Publication: Closing the Gap in Education and Technology

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Perry, Guillermo
The note looks at what it takes for countries, and firms to "learn how to learn". Education is vital, for at least two reasons. First, it has always been a critical complement to technological advance. Emerging evidence suggests that the knowledge transfer benefits of foreign direct investment (FDI), and trade liberalization, for example, are enhanced by higher stocks of human capital. Second, technological change in the twentieth century has been increasingly biased in favor of skilled workers, and appears to be the strongest force driving the increasing skilled/unskilled wage differential in industrialized countries. On reviewing Latin America's gaps in education, and technology, the central premise is that skills upgrading, technological change and interactions between the two are major factors behind total factor productivity (TFP) growth, and that TFP is a key determinant of long term growth. Skill-based technological change is being transferred faster today to LAC countries that are more open to trade, and foreign direct investment (FDI) flows, and have increased the education level of their work force. Empirical evidence suggest that technological change has been complementary with skill in Latin America in the last two decades, as in more developed countries. However, despite progress in the region, educational gaps have increased and are particularly wide at secondary levels, with few exceptions. This is linked to the way educational transition has taken place, and how resources are allocated in the education sector in Latin America: a large share of resources go to public universities, frequently of low quality, leaving little funding for secondary education. These policies have constrained tertiary education expansion, and led to large gaps in secondary education, causing inefficiency and inequity. It is argued that development of the information communications technology (ICT) sector is an essential complementary instrument to develop technological capability, further suggesting the need for an integrated approach role by government, at minimum, ensuring a consistent set of incentives, and an efficient "innovation policy".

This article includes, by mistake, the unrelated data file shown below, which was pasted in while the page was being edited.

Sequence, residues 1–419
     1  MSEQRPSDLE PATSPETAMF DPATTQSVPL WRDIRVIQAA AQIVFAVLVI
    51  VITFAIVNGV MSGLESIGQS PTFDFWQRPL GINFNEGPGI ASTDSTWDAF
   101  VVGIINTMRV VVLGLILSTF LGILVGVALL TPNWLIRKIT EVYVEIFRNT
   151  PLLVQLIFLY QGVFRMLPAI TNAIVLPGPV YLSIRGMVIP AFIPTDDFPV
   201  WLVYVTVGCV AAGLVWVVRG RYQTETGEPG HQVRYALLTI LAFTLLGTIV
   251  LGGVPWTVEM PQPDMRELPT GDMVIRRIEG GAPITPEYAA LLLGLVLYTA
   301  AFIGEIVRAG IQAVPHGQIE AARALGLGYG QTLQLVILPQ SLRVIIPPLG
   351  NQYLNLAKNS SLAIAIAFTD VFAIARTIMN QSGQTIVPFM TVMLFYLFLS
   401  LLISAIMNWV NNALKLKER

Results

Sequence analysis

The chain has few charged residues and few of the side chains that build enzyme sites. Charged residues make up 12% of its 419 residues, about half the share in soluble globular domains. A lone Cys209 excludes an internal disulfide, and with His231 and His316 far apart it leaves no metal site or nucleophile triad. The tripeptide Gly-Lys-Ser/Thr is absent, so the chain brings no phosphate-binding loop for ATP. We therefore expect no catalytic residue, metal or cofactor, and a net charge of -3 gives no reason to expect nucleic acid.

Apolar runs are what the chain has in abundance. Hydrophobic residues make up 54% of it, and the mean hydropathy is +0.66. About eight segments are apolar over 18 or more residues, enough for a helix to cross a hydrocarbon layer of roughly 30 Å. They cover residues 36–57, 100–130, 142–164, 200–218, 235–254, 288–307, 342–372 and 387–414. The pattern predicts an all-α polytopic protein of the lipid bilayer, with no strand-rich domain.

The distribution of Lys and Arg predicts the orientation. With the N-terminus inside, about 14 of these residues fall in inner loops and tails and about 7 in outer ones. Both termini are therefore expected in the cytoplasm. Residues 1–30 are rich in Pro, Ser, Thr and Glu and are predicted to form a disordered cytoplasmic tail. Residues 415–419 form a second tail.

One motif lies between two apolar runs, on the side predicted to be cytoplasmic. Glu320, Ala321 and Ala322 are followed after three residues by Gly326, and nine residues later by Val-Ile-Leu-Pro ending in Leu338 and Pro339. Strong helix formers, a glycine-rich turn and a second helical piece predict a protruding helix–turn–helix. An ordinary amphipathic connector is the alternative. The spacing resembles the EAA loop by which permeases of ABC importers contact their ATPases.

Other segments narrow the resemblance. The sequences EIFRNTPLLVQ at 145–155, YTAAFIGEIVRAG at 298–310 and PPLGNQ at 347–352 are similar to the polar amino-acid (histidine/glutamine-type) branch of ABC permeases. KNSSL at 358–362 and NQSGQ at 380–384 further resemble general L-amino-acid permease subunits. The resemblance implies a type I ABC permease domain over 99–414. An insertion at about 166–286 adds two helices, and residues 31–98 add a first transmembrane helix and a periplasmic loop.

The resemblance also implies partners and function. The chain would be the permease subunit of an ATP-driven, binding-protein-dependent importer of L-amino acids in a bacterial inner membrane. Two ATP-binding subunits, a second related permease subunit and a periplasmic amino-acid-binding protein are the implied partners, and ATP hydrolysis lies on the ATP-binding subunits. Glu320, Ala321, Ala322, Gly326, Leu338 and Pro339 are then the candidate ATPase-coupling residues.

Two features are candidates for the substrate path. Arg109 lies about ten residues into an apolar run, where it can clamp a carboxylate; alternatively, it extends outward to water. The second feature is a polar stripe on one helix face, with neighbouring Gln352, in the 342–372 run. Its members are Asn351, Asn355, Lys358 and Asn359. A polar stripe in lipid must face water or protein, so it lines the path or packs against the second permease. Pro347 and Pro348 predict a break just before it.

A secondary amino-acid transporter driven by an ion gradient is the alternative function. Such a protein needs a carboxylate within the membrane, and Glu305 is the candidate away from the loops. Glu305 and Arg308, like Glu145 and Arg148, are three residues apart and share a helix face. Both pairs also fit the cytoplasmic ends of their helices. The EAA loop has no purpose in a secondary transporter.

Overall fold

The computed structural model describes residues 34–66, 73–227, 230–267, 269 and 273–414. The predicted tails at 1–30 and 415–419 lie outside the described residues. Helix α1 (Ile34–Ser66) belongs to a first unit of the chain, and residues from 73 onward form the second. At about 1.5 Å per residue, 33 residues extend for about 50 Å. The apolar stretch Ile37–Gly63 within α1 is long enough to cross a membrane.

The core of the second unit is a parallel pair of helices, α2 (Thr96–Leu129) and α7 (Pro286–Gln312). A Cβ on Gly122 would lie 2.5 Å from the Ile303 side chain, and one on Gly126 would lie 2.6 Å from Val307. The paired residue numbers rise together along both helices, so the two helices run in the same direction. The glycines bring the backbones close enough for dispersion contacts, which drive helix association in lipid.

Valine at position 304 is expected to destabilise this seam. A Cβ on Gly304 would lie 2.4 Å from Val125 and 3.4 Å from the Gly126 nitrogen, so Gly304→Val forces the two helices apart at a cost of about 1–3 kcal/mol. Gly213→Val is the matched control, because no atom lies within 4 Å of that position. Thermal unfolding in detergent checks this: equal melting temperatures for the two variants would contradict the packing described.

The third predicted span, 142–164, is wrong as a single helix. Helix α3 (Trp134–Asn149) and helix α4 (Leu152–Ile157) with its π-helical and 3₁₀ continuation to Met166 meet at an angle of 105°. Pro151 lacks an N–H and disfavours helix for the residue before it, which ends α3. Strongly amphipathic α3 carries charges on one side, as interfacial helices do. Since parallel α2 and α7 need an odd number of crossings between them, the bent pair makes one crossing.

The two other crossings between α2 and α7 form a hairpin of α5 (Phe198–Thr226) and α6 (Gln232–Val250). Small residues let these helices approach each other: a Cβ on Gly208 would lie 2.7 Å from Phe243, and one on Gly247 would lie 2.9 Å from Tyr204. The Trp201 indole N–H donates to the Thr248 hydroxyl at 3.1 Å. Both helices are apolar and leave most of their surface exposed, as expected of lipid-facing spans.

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Perry, Guillermo. 2003. Closing the Gap in Education and Technology. en breve; No. 25. © World Bank, Washington, DC. License: CC BY 3.0 IGO.
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